After hours of good food, lots of drinks, and music it was time for dunk! The area to dunk was a specific slate of ice that was cut out of the lake. Lining up to dunk, the goal was to run in all the way to flag and slap the hand of a certified emergency diver. The divers were stationed to ensure the safety of all dunkers. After all, that water was below freezing and full of mud. There were so many people dunking that not everyone could go at one time. All dunkers lined up and were counted off in heats to do their dunk. As I stood in line and patiently waited my turn I was sweating from being so nervous. Thankfully my sorority sister Marissa Moran was standing right by side the whole way. Unfortunately, standing next to me was a woman dressed as a cow. I say this unfortunately because I have a fear of cows and I could not understand why the one cow costume in the crowd had to stand next to me. As I stood in disgust of this costume my sister laughed and told the woman I was afraid of her costume. Marissa took the initiative to say “it’s okay she’s just scared of cows.” The woman kindly replied with a “MOO!” Thankfully it was our turn to dunk and I could finally get away from the cow woman. Marissa and I lined up at the starting line and before I knew it all 50 dunkers including myself were half way to the divers. The water was cold and quickly rising up my torso. I made it to the diver as fast as possible while still holding Marissa’s hand! We began to turn around head back to the starting point when my feet felt stuck to the ground! It was mud, so much mud. Marissa used all her strength to pull me with her and we finally made it to the finish line! Freezing cold and soaking wet we made a dash for the heated tents! We had to undress and get warm as fast as possible. Marissa kept shouting, “I CAN’T FEEL MY FEET!” I could not feel mine either, but we had to stick it out and get as warm as we could as fast as we could! As I was dressing I heard so many random people yelling, “My butt is out," “I’m naked help me," and even “Where are my clothes?” We dressed in an open tent full of other woman so these comments were of course normal. The tent was the funniest part of the day.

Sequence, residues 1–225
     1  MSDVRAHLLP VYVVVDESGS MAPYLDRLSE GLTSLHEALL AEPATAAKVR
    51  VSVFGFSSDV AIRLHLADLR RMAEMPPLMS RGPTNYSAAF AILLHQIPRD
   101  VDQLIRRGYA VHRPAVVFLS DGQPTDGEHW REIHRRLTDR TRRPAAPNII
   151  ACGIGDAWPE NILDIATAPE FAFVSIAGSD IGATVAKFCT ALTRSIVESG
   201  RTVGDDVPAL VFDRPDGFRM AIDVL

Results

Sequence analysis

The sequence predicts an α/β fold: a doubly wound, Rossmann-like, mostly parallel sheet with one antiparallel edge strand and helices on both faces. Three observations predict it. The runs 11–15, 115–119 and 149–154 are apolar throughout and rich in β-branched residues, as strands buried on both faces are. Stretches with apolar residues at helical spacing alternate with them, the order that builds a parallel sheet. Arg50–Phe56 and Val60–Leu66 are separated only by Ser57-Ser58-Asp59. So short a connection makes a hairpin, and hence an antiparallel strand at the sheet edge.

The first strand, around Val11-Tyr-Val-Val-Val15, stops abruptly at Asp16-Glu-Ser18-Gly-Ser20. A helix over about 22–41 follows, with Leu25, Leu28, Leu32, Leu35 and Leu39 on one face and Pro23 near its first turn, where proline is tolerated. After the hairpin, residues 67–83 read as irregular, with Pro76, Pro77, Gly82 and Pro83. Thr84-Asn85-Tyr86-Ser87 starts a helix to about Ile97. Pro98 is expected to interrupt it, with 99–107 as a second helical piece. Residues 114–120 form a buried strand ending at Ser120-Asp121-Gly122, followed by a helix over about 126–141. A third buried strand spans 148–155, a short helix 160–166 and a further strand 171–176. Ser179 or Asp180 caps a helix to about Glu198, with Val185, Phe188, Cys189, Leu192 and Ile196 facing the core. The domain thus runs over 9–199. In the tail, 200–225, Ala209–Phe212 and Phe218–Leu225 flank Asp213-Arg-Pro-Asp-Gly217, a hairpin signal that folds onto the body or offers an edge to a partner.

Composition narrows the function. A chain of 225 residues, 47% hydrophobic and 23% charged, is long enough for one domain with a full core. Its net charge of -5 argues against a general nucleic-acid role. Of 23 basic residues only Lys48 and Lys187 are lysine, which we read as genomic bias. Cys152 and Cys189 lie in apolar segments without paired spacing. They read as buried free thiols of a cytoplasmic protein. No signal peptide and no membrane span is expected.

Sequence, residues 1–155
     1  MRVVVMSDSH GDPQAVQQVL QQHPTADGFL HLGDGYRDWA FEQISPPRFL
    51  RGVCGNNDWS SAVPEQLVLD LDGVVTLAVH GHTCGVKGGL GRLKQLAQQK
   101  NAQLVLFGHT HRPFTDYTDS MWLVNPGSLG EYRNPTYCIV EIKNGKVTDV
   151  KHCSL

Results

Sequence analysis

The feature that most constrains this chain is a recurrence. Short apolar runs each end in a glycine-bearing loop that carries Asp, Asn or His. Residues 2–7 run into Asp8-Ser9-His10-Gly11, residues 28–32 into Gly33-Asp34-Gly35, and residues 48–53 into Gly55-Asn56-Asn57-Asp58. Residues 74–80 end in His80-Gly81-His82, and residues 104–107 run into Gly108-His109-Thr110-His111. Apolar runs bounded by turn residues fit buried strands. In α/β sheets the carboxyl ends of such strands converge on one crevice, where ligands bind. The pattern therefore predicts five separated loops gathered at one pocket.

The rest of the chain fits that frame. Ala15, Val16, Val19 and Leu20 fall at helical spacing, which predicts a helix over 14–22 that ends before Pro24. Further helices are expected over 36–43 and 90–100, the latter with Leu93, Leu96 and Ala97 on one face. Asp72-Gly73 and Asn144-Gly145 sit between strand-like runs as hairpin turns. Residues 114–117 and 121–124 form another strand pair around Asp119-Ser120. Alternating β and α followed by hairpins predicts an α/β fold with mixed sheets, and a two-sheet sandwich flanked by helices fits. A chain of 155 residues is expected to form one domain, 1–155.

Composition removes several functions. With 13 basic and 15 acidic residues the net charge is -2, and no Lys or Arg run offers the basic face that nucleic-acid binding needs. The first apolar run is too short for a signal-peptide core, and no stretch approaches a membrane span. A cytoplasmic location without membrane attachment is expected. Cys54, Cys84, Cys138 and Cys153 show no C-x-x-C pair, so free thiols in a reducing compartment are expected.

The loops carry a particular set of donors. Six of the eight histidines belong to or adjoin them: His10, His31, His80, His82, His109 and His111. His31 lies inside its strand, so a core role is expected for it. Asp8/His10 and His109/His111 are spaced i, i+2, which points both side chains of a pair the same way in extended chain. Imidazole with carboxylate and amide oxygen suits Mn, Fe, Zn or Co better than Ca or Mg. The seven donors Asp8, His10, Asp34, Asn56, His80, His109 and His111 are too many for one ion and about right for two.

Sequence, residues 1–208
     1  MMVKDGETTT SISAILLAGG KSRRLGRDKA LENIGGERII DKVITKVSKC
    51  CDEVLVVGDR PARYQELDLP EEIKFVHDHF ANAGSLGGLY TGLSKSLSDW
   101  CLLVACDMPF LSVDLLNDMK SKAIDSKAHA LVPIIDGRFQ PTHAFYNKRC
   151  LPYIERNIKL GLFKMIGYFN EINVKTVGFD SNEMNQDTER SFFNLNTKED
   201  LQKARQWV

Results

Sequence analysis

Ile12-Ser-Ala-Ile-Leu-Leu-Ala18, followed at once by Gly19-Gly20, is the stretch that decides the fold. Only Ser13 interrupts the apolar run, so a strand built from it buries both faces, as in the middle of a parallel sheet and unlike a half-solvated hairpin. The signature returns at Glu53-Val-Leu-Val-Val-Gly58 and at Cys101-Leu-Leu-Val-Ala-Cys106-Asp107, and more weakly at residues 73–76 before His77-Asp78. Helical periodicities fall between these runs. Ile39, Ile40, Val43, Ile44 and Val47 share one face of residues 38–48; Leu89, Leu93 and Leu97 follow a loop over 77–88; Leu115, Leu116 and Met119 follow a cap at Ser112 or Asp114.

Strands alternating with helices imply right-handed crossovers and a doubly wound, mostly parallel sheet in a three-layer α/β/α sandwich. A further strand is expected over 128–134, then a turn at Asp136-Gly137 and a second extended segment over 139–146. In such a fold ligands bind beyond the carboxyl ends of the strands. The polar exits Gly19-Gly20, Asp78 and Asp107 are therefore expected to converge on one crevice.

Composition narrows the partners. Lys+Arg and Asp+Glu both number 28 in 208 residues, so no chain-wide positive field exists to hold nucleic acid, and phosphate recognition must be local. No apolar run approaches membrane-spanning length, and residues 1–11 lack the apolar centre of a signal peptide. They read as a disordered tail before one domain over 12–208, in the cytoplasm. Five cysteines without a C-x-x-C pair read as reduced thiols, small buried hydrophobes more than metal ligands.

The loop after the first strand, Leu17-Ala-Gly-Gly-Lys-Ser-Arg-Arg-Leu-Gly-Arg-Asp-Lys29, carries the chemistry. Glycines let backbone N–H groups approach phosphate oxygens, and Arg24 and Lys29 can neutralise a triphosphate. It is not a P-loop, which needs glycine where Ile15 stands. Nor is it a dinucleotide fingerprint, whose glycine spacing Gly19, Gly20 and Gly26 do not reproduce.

Dunking lasted about an hour and afterwards most people dashed for food and warmth. After dunking there was more matching “I DUNKED” sweatshirts than crazy costumes. All day long I heard numerous shouts of “I love dunk” and that was a beautiful thing. Dunk is a fun activity for a good cause. I am glad to see that our surrounding areas and our campus is active in the community.